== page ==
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CalPERS Opposes Proposal for NYSE

Fund's president says reform plan falls short on outside regulation and input by investors.

November 07, 2003|Thomas S. Mulligan | Times Staff Writer

NEW YORK — Despite a personal sales pitch Thursday from John S. Reed, the California Public Employees' Retirement System will mount a campaign to scuttle his proposed reforms of the New York Stock Exchange.

CalPERS, the nation's largest public pension fund, with assets of $145 billion and 1.4 million retiree members, called on federal regulators to reject the plan put forward by Reed, the NYSE's interim chairman. In a news conference, CalPERS board President Sean Harrigan said Reed's proposal wouldn't provide independent regulation of the NYSE or give investors enough of a voice.

The CalPERS complaints echoed those of other public-finance groups reacting to the governance reforms that Reed outlined Wednesday. Harrigan said he would try to enlist such groups to push for a more comprehensive overhaul of the exchange.

Harrigan and CalPERS Chief Executive Fred R. Buenrostro Jr. had a "frank and open discussion" with Reed at the NYSE on Thursday but left "agreeing to disagree," Harrigan said.

Reed's plan will be put to a vote of the Big Board's 1,366 member-owners Nov. 18 and then submitted to the Securities and Exchange Commission for approval. The agency has not officially endorsed the plan, although Reed is known to have kept in contact with SEC Chairman William H. Donaldson.

Reed proposed replacing the NYSE's 27-member board of directors with a new board of six to 12 members, none of whom would have business or regulatory ties to the exchange. The board would oversee the NYSE's regulatory unit, but that unit would stay within the exchange rather than be split off into a separate legal entity, as some critics have urged.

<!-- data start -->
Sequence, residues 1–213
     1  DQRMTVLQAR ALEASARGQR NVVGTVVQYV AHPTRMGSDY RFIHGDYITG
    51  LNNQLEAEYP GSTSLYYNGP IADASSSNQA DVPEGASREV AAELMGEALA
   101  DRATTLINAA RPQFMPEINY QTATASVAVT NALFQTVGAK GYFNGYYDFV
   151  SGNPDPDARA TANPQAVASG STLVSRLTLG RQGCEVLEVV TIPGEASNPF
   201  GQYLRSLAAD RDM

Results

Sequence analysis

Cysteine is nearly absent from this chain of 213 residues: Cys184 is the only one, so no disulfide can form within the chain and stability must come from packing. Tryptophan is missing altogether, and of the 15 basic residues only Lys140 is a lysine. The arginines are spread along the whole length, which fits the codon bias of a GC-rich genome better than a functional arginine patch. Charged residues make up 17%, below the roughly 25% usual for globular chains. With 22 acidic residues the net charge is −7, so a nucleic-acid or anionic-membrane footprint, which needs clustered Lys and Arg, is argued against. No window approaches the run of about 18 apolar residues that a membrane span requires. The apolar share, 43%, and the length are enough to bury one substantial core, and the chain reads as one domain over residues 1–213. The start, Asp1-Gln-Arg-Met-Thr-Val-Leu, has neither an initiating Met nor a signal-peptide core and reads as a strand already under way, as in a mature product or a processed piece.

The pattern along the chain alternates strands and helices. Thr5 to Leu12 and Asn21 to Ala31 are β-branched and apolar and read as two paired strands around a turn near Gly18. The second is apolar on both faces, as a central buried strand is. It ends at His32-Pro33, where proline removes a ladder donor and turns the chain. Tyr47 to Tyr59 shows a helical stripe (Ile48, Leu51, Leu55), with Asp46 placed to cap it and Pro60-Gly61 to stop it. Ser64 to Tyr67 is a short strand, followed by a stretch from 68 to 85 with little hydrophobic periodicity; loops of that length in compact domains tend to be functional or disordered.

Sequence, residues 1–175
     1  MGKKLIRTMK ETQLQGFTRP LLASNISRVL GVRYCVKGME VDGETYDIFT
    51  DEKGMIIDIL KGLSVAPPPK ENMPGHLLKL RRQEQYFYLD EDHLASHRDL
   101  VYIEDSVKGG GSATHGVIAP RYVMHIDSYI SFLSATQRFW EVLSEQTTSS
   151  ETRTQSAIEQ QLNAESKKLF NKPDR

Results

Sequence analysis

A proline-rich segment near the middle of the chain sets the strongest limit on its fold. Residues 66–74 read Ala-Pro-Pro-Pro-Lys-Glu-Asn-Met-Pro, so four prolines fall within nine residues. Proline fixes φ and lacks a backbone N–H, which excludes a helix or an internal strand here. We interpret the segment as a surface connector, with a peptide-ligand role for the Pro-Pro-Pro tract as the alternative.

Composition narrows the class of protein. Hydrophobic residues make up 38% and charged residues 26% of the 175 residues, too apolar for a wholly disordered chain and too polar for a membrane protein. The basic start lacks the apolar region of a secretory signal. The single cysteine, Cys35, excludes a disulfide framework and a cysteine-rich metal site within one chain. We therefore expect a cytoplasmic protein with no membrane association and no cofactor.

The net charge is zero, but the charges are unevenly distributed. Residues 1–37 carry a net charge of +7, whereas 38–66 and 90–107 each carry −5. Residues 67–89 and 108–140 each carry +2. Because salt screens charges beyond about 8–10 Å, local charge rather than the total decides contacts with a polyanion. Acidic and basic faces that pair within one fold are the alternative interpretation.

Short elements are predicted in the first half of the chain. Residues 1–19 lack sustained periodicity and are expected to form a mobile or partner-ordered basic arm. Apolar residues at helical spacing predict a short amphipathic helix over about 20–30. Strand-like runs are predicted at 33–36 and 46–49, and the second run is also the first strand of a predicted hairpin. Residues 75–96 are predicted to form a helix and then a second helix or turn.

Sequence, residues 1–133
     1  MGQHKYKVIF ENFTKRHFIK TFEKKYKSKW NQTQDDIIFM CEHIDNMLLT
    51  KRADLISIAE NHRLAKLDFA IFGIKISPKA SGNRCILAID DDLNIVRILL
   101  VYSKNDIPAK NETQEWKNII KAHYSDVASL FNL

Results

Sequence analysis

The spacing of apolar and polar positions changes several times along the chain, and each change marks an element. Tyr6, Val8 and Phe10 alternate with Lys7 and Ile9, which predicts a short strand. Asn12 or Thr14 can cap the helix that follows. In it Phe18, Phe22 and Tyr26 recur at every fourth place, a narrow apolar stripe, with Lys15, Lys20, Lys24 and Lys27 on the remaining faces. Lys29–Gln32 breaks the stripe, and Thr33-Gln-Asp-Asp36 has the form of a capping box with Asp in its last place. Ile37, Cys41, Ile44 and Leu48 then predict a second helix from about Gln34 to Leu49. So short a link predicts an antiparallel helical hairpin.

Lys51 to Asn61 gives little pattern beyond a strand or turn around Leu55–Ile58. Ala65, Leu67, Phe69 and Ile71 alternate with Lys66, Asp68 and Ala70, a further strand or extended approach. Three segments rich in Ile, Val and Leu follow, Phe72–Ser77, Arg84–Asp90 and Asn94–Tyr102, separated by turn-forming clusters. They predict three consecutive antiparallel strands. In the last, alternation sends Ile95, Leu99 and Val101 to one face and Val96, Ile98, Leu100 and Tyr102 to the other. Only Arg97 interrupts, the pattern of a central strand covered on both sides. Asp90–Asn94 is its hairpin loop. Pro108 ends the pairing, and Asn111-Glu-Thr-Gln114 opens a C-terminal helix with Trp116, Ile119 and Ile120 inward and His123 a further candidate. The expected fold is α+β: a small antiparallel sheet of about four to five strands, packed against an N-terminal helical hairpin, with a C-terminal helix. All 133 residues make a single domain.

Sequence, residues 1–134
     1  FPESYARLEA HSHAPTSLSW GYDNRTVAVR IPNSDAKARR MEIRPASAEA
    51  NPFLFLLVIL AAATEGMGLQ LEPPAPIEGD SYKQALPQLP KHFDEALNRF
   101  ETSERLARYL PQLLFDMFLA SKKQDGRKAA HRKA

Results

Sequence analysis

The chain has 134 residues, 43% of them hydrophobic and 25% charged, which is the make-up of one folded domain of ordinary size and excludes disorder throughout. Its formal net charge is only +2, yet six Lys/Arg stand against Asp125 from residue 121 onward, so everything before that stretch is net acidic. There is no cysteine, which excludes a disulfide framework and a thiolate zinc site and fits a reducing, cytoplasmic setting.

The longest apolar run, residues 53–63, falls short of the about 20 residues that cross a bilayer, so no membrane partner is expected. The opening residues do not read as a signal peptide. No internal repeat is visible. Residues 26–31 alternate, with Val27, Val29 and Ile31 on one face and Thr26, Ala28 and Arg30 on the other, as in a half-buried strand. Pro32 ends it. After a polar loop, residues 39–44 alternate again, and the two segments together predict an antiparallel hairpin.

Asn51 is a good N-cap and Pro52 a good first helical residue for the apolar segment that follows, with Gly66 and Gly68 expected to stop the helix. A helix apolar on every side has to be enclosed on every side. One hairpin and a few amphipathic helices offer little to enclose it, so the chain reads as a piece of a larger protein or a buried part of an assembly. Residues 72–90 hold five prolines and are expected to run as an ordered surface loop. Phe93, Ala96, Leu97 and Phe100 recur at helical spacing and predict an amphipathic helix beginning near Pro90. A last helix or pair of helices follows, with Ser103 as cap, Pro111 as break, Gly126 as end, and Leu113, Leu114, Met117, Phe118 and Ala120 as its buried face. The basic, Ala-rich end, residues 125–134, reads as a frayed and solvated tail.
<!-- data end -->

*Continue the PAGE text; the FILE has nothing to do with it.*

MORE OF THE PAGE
The board would choose a chairman and CEO and approve pay and benefits for them and other top NYSE managers. All pay and important actions would be disclosed in an annual proxy statement, Reed said.

Under his proposal, the board also would appoint a so-called board of executives composed of NYSE trading professionals, owners of exchange seats, investor groups and executives of brokerage firms and companies whose stocks trade on the Big Board. This panel would advise the board of directors on day-to-day trading operations.

Reed asked for the resignations of all but two of the current directors. He nominated those two -- former Secretary of State Madeleine K. Albright and pension fund executive Herbert M. Allison Jr. -- along with six others to serve on the new board. The other nominees include four retired corporate chief executives, a money manager and a university president.

Reed has begun an eight-city "road show" to pitch his plan to the exchange membership. He also lobbied SEC commissioners in Washington on Wednesday.

Harrigan sent letters to Donaldson and the other four SEC commissioners Thursday that detailed his objections and urged them to reject Reed's plan.

A key weakness of the plan, Harrigan said, is that the board of directors must be approved by the NYSE seat holders, who are subject to exchange regulation.

"You can't have the regulators accountable in elections to the regulatees," Harrigan said.

Sen. Joe Lieberman (D-Conn.) made the same point in a statement Thursday.

"Experience has shown that the NYSE does not and cannot effectively regulate itself from within," said Lieberman, ranking minority member of the Senate Governmental Affairs Committee and a presidential candidate. "The regulatory arm should be separate."

New York state Comptroller Alan G. Hevesi said in a statement that the National Coalition for Corporate Reform -- a group he founded this year with state government officials, pension fund executives and union representatives -- asked the SEC to revise Reed's plan to better separate the regulatory function from management and to explicitly provide for investor representation on the main board.

It's not clear at this point whether other pension funds will form a united front with CalPERS against Reed's plan.

Harrigan acknowledged that even a fund of CalPERS' size accounted for only a tiny fraction of the NYSE's trading volume and thus must join with other investors if it hoped to have much clout with the Big Board. Harrigan, however, said CalPERS would consider steering investment transactions away from the NYSE as a last resort.

"It's certainly not the direction we want to go, but it's something we may have to consider," he said.

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